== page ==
According to Van Loan, when the resort considered remodeling the grand atrium lobby to enlarge it for guests, the VEA already accommodated the increased occupancy load by default as long as the open space above remained unchanged.

Aesthetically, for hotels and resorts such aspirating systems air sampling points are typically smaller and less visible than larger spot detectors. The quarter-sized sampling points are unobtrusive and can blend in with their surroundings or be concealed entirely.

Given that large resorts often include water features such as indoor pools, Jacuzzis, and even waterparks, the aspirating smoke detecting system’s design can also minimize disruptive false alarms that are prone to occur when conventional equipment is used in moisture laden areas.

“Air sampling smoke detection provides a lot of value in indoor settings like water parks, where the high concentration of humidity and water condensation can often cause false nuisance alarms for traditional fixed type smoke detection,” says Sandler.

“Aspirated systems like VESDA can remove water condensation in the sampled air and reduce the humidity level before it is tested to eliminate nuisance alarms,” he explains. “As the air sample is transported through the pipe network, water traps can be incorporated to pull the water out of the air before it reaches the sensing or detection unit.”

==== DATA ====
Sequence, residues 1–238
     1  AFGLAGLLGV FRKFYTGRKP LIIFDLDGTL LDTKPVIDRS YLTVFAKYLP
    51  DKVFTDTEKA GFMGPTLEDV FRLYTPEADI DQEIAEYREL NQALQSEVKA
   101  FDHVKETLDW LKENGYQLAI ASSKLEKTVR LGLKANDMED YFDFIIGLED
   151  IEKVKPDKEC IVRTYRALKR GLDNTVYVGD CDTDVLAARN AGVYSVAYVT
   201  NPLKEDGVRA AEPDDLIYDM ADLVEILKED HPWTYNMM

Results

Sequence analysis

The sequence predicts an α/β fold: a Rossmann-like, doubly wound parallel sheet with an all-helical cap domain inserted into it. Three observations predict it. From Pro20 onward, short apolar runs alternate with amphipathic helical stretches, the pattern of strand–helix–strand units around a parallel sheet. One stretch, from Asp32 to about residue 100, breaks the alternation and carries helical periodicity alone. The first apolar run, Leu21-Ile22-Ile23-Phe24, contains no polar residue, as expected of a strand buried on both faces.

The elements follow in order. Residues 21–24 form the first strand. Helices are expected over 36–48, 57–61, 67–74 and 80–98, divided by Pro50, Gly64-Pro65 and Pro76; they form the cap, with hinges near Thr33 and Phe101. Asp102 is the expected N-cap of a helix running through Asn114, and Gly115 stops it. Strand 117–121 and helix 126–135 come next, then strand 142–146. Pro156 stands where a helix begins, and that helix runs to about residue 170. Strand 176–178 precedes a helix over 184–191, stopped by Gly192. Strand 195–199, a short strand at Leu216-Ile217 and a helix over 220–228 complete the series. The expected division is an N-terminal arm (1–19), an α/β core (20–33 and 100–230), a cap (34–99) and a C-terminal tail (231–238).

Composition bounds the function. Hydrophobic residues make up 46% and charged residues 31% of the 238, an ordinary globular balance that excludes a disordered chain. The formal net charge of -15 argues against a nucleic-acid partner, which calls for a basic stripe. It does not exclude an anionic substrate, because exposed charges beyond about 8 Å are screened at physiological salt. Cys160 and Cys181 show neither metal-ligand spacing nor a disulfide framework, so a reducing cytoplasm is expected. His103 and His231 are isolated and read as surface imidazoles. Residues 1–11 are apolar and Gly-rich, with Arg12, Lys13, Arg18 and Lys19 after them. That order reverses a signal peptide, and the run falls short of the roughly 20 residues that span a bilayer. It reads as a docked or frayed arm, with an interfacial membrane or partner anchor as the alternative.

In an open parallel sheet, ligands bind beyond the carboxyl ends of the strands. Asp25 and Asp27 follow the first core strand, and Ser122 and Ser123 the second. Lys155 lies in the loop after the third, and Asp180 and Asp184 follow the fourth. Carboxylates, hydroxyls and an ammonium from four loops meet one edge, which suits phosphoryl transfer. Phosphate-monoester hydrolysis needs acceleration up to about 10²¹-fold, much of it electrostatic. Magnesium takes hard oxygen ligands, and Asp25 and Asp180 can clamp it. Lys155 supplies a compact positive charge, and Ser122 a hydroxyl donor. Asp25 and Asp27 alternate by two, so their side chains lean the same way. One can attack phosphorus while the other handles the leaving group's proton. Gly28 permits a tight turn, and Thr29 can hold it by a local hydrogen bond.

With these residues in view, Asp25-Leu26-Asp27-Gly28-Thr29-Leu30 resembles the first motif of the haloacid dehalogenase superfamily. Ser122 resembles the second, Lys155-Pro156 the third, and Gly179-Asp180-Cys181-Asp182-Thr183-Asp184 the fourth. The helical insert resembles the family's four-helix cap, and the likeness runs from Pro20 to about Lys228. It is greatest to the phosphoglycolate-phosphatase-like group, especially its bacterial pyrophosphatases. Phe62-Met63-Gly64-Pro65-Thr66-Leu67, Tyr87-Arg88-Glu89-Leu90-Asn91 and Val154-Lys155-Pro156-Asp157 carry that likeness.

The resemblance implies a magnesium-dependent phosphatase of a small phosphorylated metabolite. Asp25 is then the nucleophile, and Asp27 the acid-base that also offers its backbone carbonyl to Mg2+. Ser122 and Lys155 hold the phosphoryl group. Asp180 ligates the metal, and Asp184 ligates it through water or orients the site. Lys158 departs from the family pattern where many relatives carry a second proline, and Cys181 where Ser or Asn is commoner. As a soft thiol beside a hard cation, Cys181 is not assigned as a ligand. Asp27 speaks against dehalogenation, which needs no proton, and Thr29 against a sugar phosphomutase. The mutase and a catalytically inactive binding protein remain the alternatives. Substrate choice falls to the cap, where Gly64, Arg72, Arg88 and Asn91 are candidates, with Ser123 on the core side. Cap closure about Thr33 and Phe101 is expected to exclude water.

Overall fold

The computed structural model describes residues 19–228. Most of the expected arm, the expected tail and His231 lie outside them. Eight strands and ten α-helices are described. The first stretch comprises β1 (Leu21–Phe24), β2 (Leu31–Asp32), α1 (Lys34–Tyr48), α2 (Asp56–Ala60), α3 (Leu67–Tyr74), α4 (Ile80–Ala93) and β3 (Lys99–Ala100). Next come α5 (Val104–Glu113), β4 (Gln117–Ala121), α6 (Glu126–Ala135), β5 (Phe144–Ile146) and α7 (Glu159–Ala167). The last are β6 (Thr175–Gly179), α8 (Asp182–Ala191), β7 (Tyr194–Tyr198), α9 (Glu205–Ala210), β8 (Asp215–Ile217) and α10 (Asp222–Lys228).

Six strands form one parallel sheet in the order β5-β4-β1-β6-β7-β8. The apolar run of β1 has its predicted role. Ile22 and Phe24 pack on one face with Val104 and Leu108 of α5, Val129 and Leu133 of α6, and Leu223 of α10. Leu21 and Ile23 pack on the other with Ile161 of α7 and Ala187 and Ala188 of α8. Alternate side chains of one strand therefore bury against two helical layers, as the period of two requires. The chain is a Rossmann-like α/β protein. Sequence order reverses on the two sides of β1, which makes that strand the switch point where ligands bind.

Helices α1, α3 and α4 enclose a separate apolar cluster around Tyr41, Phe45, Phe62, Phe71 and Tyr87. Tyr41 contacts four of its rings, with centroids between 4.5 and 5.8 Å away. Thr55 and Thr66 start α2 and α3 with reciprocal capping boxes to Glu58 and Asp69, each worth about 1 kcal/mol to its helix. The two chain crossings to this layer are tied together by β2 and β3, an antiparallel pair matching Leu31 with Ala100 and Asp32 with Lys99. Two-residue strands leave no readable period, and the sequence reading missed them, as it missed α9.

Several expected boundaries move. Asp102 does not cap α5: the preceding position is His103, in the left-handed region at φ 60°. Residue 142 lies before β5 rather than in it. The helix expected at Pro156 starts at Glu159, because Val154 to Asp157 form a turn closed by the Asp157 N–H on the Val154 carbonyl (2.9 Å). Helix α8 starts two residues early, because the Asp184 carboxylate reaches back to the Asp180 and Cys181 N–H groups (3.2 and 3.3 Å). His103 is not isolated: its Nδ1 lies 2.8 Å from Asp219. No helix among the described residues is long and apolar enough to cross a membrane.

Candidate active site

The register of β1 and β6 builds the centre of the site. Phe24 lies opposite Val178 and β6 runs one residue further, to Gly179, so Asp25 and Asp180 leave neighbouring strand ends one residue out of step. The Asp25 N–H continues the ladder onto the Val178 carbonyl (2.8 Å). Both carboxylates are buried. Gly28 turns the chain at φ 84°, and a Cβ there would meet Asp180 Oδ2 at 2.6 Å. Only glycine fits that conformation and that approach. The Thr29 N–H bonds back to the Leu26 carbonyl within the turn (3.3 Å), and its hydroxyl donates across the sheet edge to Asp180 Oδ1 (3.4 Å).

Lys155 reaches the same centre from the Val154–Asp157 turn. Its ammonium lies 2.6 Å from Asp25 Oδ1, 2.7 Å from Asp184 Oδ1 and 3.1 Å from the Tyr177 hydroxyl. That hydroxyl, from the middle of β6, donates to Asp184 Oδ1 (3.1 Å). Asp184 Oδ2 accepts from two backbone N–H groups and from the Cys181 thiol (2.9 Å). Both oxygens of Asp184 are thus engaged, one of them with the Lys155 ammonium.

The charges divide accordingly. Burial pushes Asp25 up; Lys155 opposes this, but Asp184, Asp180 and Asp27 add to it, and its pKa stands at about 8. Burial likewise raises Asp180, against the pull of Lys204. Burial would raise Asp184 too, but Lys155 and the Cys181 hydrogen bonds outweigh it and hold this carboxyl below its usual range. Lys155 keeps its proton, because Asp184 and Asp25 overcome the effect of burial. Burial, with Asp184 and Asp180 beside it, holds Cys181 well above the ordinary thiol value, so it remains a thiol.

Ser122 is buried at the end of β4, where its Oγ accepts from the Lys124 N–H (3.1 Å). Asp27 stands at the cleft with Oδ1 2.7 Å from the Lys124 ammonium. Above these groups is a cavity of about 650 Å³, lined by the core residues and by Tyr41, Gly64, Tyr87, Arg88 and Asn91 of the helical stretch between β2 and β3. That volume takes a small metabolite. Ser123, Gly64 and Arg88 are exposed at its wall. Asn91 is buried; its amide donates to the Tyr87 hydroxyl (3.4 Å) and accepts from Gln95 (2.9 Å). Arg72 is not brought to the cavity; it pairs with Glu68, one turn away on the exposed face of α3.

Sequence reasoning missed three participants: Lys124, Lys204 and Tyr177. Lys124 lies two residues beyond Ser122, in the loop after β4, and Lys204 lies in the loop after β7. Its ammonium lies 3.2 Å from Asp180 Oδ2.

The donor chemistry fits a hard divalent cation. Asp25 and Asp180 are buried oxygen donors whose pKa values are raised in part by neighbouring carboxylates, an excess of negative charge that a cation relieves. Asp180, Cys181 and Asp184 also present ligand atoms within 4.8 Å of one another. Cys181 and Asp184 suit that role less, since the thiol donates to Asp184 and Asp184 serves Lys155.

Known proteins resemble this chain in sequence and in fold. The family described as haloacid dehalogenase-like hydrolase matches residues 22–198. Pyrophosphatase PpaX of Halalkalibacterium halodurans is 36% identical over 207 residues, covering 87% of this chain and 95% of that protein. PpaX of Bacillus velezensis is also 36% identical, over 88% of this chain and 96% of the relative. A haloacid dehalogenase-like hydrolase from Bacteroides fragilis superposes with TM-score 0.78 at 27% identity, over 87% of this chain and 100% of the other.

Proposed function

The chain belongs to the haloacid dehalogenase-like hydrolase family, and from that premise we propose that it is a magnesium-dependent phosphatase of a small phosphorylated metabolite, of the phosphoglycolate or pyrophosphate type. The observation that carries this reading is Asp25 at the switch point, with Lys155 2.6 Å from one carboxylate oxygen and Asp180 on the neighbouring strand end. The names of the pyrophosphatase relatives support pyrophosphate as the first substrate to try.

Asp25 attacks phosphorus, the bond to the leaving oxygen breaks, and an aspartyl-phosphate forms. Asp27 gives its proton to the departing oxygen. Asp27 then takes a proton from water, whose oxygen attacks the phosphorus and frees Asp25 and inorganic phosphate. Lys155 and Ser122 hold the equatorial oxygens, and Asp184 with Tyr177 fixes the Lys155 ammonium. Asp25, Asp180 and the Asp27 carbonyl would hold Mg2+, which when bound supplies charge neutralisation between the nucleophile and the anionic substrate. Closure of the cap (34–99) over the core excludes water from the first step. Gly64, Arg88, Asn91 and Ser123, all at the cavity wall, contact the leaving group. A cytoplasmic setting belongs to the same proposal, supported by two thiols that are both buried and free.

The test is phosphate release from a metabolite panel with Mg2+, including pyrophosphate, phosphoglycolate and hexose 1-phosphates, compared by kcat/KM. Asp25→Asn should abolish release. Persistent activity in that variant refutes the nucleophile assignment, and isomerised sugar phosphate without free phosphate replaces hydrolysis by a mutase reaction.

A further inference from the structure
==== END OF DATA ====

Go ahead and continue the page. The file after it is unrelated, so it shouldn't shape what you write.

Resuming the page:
Sandler adds that when enhanced environmental detection is warranted to protect health and indoor air quality, another modular unit — VESDA Sensepoint XCL by Xtralis — can be added. This model is able to detect a variety of odorless gasses which could pose significant safety and liability hazards, such as chlorine, chloride, ammonia, carbon dioxide and carbon monoxide.

Aspirating technology can help the hospitality industry simplify the inspection and maintenance of smoke detectors while bolstering safety. Doing so will help to facilitate a more secure, relaxed environment with less intrusive, less labor-and-equipment-intensive inspection, testing, and maintenance – which can boost the bottom line.

Del Williams is a technical writer based in Torrance, CA.